• They had been cutting and stitching for days to get the dress finished on time.
  • Reporters have been coming and going all day.
  • She is either laughing or crying.

Most verbs in English are either lexical verbs or else auxiliary verbs. However, be, have and do can act both as lexical verbs and also as auxiliary verbs:


  • am her brother. (lexical verb – a ‘linking verb’ relating the complement ‘her brother’ to the subject ‘I’)
  • am working at the moment. (auxiliary verb – the main verb is ‘working’, and ‘am’ simply indicates the tense of the verb)
  • Maggie was ill. (lexical verb – a ‘linking verb’ linking the complement ‘ill’ to the subject ‘Maggie’)
  • Maggie was singing. (auxiliary verb – the main verb is ‘singing’, and ‘was’ indicates the tense of the verb)


  • The Smiths have a new car. (lexical verb; ‘have’ = ‘possess’ or ‘own’)
  • The Smiths have bought a new car. (auxiliary verb – the main verb is ‘bought’, and ‘have’ indicates the tense of the verb)
  • Fortunately, they had some chocolate with them. (lexical verb; ‘had’ = ‘were carrying’)
  • Fortunately, they had brought some chocolate with them. (auxiliary verb – the main verb is ‘brought’, and ‘had’ shows the tense of the verb)


  • We did a lot of interesting things on our holiday, (lexical verb, describing an activity)
  • We did not see anything interesting at all. (auxiliary verb – the main verb is ‘see’, and ‘did’ indicates the tense of the verb)
  • We do all we can to help, (lexical verb, describing action)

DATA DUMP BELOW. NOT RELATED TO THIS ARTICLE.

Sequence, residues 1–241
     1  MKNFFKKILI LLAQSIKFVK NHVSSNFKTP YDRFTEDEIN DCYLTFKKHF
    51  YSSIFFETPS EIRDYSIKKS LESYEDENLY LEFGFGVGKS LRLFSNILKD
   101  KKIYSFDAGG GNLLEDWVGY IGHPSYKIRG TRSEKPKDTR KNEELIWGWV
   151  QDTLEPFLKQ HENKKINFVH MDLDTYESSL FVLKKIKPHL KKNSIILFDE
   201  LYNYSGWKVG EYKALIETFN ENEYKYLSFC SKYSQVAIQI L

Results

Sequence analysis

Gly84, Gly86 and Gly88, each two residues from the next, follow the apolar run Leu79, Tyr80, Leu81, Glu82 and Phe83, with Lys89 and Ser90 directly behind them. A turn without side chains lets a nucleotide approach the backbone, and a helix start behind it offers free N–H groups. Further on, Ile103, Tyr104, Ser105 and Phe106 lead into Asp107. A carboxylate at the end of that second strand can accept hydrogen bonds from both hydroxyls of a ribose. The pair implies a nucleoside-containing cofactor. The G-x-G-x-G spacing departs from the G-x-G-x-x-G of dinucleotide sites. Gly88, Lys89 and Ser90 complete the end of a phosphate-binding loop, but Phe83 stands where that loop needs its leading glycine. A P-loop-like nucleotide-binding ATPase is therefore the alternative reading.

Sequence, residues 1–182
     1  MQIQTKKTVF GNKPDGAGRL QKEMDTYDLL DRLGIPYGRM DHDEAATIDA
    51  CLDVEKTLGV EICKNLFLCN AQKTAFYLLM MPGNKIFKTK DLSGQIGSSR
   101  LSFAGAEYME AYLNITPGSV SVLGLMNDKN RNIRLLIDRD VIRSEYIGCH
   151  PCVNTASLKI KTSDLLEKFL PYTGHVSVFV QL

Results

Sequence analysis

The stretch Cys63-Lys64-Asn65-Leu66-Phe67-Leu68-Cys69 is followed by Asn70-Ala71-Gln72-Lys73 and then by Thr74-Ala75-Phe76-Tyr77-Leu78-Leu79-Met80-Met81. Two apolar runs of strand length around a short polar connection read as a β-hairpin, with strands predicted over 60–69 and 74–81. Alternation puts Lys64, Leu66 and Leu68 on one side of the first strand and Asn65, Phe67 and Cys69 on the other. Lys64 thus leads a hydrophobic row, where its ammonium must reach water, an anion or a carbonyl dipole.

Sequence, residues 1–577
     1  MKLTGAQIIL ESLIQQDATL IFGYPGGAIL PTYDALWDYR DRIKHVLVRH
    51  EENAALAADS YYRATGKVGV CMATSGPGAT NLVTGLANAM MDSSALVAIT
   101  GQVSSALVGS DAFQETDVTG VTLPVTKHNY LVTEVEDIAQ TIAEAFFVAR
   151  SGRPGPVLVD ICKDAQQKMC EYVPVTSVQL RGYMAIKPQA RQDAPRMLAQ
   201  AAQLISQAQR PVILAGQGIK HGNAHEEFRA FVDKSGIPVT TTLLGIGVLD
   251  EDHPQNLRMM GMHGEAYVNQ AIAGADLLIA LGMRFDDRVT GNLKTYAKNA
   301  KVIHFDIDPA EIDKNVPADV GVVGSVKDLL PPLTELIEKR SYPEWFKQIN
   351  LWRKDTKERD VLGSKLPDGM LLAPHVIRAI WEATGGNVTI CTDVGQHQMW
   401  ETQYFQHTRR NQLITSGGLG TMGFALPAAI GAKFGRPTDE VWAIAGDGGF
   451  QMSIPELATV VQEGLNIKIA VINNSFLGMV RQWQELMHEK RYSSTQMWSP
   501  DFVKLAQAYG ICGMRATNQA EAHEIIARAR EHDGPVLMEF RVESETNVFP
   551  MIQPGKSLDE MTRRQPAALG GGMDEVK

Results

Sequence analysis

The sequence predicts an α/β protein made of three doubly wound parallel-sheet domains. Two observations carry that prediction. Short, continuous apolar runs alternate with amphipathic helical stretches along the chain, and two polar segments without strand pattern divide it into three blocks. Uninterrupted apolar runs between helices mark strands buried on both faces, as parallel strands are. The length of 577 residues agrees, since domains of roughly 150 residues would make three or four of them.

• We do want to help, (auxiliary verb – the main verb is ‘want’, and ‘do’ makes the statement more emphatic, as well as indicating the tense of the verb)

The main verb in a verb phrase takes different forms depending on the auxiliary verb that comes before it.

If the auxiliary verb is be, then the main verb will be in the form of a present participle (the -ing form of a verb):

  • The birds were singing in the trees outside.
  • I was working in the garden all weekend.
  • Everybody is talking about his new book.

If the auxiliary verb is have, then the main verb will be in the form of a past participle (the form of the verb that ends in -ed, -t, -n, etc):

  • Have you packed your swimming costume?
  • I’ve brought everything we need.
  • The girls said they had never seen the man before.
  • have made a list of the things we need to buy.

If the auxiliary verb is do or a modal auxiliary, then the main verb will be in the form of an infinitive without to (that is, the base form of the verb):

  • do like ice-cream.
  • We could come tomorrow if you like.
  • will see you next week.
  • Why worry? It might never happen.

The verbs dare, in the sense of ‘be willing to risk (doing something dangerous)’, need, ought to and used to are often counted among the modal auxiliaries.

  • I daren’t tell her that I’ve forgotten to buy her a birthday present.
  • You needn’t leave yet. There’s plenty of time.
  • I think we ought to leave now.
  • He used to live in that house over there.

Leave a Comment

error: Alert: Content is protected !!